For the remainder of our meals we visited some old favorites and of course added new restaurants to our rotation.  Yes, we ate breakfast at Taos Diner (I) and bison burgers at 5 Star Burgers.  Caffeine as usual came from Elevation Coffee where we like to look at the photograph of the moon over the Chugach Range, even if the coffee is a little weak and the staff a little stuffy.  

Sometimes I think we ski just to cultivate an appetite, and luckily we did just this because we happened on El Taoseno Restaurant last night -- another part of Taos where nothing is what it seems.  You may just have the best meal of your life, here in the non-trendy part of town, in what looks to be an old bowling alley or community center with a pot-holed parking lot to match the decor and charm inside.  The dining room was packed with tourists and locals (far more of the latter) but it's a place for everyone as long as you like wonderful service (yes), reasonable prices (even better), and delicious home-style New Mexican cuisine (and how!).  D would pout, refuse to read this post and likely move far away if I failed to mention the chips and salsa (oh the salsa!), his tasty smothered burrito (with green chiles, though ask for "Christmas" if you like both green and red), and my perfectly cooked plate of fajitas.  Fajita assembly is an art and this was just the right assortment of accoutrements, in just the right amounts.  As a finishing touch, sopapillas arrive swiftly, still piping hot, with a squeeze bottle of honey.  Our drinks never ran dry, and the wait staff, though busy- no table was ever empty- could not have been more kindly.  I wish we'd eaten Thanksgiving dinner here, where the pilgrim hat decorations still cover the walls and await next year's meal and where Taos once again surprises with where its finest things lie. 

Twenty miles from town, the ski area itself has a small base village with just a few stores, cafes and a convenience mart to accompany the accommodations, but no one goes there just to shop or be seen.  I don't even know who stays there, since we stay closer to town and the people we've met always "have a place" in Taos, somewhere.

For an opening weekend, the snow and weather are the best we've skied in years, anywhere.  In my experience, the rigor of terrain in Taos is matched best by Alyeska, though with bright sunshine and temps in the high 20s and low 30s the similarity to Alaska goes no further.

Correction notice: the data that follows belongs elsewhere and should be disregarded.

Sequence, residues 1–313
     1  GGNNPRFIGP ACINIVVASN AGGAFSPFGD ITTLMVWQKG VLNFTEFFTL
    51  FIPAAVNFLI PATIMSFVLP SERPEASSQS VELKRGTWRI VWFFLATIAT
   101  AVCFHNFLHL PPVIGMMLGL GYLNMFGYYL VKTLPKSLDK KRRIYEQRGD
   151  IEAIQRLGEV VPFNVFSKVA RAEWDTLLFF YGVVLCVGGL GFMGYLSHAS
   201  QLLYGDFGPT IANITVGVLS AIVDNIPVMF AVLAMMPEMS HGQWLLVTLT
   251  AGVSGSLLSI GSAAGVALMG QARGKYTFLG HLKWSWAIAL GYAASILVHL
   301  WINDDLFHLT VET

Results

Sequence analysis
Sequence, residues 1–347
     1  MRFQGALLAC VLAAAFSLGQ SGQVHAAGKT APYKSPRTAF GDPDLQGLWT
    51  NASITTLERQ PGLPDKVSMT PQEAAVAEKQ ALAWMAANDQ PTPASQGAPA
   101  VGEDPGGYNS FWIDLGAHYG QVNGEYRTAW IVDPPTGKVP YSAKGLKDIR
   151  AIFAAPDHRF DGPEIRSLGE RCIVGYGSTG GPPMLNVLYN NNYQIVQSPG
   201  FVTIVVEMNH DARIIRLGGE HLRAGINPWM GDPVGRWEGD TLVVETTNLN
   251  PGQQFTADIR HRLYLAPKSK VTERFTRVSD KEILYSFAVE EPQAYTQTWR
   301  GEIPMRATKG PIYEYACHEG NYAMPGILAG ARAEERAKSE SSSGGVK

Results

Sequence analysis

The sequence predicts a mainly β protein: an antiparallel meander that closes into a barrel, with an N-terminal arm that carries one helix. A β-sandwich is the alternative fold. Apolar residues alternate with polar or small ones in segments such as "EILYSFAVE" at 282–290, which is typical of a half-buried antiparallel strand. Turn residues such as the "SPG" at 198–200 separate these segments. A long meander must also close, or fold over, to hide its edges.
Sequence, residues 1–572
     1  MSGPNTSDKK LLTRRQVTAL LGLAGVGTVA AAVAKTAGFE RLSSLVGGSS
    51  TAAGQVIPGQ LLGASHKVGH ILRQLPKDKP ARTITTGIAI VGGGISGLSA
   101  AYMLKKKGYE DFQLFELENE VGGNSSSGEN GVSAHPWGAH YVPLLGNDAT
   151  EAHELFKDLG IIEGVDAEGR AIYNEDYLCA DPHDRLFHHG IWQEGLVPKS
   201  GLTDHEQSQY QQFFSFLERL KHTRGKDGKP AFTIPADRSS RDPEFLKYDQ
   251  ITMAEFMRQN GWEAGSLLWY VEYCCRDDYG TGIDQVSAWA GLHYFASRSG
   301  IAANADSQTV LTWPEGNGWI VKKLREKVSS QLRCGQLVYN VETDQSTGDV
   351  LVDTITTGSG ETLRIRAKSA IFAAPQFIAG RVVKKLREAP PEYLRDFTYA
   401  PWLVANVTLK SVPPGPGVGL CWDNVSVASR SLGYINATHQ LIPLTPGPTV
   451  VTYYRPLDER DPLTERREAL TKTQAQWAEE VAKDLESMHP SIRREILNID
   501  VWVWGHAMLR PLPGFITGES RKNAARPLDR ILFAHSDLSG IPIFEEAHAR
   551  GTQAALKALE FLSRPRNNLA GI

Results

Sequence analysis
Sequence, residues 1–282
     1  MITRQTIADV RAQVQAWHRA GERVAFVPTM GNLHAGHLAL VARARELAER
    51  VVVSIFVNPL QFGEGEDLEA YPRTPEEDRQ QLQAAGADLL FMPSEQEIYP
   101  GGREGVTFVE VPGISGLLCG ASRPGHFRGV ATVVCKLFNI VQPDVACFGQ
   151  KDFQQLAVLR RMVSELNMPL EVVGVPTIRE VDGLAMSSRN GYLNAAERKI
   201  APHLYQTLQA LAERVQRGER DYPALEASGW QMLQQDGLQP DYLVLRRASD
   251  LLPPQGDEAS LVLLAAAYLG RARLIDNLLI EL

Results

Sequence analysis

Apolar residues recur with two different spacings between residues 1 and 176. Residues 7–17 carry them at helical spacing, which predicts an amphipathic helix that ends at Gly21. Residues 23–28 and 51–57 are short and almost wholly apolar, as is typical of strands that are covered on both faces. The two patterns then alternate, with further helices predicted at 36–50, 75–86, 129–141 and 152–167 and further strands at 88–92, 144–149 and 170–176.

D's picture of me, but it was too cold to wait and pose~
 If you've persevered to this point and are wondering why all this nonsense appears in a running-themed blog, I'm about to tell you.  I ran this morning at 7000+ feet elevation (how was that ever no big deal in my college days?!) straight from sea level a few days earlier.  I read somewhere it takes two weeks to acclimate but I reasoned that any "elevation training" at all would aid my 3500' elevation half marathon next weekend.  We'll see!  This morning was chilly and bright yet I felt so great for getting a few miles in that I won't even share my shabby pace with you.  My legs were a little tired from skiing, but the run was a shake-out and my quads were happy to be less abused than they were from the slopes.  My lungs felt great and I did some laps through residential areas, my course determined by the paths leading away from any unfamiliar, unfenced dogs.

Quads = D-E-D.  Serious time.
So overall I'm at a C+ for my half-marathon training.  I'll take it; that's a fair price for a memorable weekend with D, in the snow and sun, with the enigma of Taos to entertain and satiate us, and keep us keen to return soon.

A blessed belated Thanksgiving to all, I hope your weekend was wonderful and filled with good memories and maybe even a few miles.

For some reason I think "action photo" means "pretend to tie a ski boot."  No, there aren't any laces.  Not since the 19th century I believe.  Sigh.
P.S. The chickens did fine while we were gone :)

Sunday, November 24, 2013

Race report: Boerne Turkey Trot 10K

Turkey Trot success!  Let me tell you some tales of this chilly and fantastic event.
 
Imagine first a grassy, pre-dawn town square, with a costumed turkey and a group of runners doing YMCA instructor-led aerobics to warm up before a race, unfettered by the mist and wind and cold.  It was silly and fun and reminds me that the YMCA has a wonderful approach to community health.